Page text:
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2011 National Household Survey: Data tables
Tabulation: Mother Tongue (8), Knowledge of Official Languages (5), Highest Certificate, Diploma or Degree (15), Labour Force Status (8), Immigrant Status and Period of Immigration (11), Age Groups (10C) and Sex (3) for the Population Aged 15 Years and Over, in Private Households of Canada, Provinces, Territories, Census Metropolitan Areas and Census Agglomerations, 2011 National Household Survey
|Mother tongue (8)||Labour force status (8)|
|Total - Labour force statusFootnote 3||In the labour force||Employed||Unemployed||Not in the labour force||Participation rate||Employment rate||Unemployment rate|
|Total - Mother tongue||1,005,005||700,685||654,515||46,170||304,315||69.7||65.1||6.6|
|English and French||4,365||2,840||2,610||230||1,525||65.1||59.8||8.1|
|English and non-official language||9,235||6,910||6,225||685||2,325||74.8||67.4||9.9|
|French and non-official language||3,440||2,595||2,270||325||845||75.4||66.0||12.5|
|English, French and non-official language||385||260||220||40||130||67.5||57.1||15.4|
- Symbol ..
not available for a specific reference period
- Symbol ...
- Symbol x
suppressed to meet the confidentiality requirements of the Statistics Act
- Symbol F
too unreliable to be published
- Footnote 1
'Highest certificate, diploma or degree' refers to the highest certificate, diploma or degree completed based on a hierarchy which is generally related to the amount of time spent 'in-class.' For postsecondary completers, a university education is considered to be a higher level of schooling than a college education, while a college education is considered to be a higher level of education than in the trades. Although some trades requirements may take as long or longer to complete than a given college or university program, the majority of time is spent in on-the-job paid training and less time is spent in the classroom.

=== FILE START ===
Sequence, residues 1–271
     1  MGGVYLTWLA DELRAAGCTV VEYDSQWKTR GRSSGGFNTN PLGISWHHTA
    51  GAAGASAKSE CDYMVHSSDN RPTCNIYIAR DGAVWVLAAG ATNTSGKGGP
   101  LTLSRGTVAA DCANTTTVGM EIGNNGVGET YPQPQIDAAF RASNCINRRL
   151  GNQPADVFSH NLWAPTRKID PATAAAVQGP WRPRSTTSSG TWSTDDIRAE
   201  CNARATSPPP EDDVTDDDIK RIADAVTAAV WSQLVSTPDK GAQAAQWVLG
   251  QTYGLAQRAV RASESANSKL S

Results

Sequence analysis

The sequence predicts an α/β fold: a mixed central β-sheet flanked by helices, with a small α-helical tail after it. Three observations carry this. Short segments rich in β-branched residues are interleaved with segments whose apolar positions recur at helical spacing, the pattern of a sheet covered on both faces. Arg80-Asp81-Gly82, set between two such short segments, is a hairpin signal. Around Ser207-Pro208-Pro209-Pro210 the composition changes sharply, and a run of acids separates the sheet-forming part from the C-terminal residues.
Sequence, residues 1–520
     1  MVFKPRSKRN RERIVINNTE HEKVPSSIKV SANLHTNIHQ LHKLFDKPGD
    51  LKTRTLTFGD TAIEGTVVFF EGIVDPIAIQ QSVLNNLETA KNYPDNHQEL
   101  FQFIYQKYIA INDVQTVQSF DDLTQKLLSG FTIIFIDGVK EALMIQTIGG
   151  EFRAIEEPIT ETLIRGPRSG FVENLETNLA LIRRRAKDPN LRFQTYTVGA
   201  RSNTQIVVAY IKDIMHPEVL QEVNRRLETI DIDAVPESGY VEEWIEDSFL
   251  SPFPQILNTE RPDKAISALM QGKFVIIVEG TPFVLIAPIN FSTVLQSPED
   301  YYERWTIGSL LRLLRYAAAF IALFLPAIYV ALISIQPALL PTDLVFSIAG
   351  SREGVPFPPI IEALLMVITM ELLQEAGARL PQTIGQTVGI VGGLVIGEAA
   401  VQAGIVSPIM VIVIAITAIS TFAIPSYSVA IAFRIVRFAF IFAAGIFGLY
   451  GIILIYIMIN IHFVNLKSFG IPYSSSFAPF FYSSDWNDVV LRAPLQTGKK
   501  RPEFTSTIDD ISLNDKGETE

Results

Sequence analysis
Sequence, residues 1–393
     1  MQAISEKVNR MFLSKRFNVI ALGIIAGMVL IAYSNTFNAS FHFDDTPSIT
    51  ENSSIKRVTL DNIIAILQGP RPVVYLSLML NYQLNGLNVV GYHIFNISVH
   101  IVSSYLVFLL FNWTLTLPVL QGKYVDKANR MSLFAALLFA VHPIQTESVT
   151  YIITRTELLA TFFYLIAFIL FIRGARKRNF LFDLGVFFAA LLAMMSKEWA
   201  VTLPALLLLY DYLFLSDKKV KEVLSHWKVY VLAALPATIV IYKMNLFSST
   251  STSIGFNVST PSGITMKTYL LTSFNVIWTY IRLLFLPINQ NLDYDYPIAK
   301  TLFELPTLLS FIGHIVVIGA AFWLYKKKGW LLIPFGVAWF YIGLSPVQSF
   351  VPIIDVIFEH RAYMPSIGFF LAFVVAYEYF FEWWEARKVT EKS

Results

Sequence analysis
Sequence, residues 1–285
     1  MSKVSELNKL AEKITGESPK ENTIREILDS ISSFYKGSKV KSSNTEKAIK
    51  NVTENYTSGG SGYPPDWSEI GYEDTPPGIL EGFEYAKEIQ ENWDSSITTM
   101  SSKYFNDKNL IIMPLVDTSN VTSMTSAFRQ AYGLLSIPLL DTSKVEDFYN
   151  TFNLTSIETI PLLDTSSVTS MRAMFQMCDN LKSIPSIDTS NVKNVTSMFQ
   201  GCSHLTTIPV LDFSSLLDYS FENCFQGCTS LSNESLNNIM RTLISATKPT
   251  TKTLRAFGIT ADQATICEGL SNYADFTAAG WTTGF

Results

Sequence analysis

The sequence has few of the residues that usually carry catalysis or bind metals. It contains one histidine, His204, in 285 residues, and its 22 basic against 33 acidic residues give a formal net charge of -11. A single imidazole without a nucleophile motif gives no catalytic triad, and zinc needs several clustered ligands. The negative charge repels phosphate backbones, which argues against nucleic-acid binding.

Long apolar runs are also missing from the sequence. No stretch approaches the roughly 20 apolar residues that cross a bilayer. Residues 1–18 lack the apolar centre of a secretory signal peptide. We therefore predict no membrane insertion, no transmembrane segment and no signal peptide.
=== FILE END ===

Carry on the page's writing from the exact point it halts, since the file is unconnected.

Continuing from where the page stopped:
For further definitions, refer to the National Household Survey Dictionary, Catalogue no. 99-000-X. For any comments on collection, dissemination or data quality for this variable, refer to the Education Reference Guide, National Household Survey, Catalogue no. 99-012-X2011006.
- Footnote 2
For the 2011 National Household Survey (NHS) estimates, the global non-response rate (GNR) is used as an indicator of data quality. This indicator combines complete non-response (household) and partial non-response (question) into a single rate. The value of the GNR is presented to users. A smaller GNR indicates a lower risk of non-response bias and as a result, lower risk of inaccuracy. The threshold used for estimates' suppression is a GNR of 50% or more. For more information, please refer to the National Household Survey User Guide, 2011.
- Footnote 3
In the past, this variable was called Labour force activity.
Source: Statistics Canada, 2011 National Household Survey, Statistics Canada Catalogue no. 99-010-X2011040.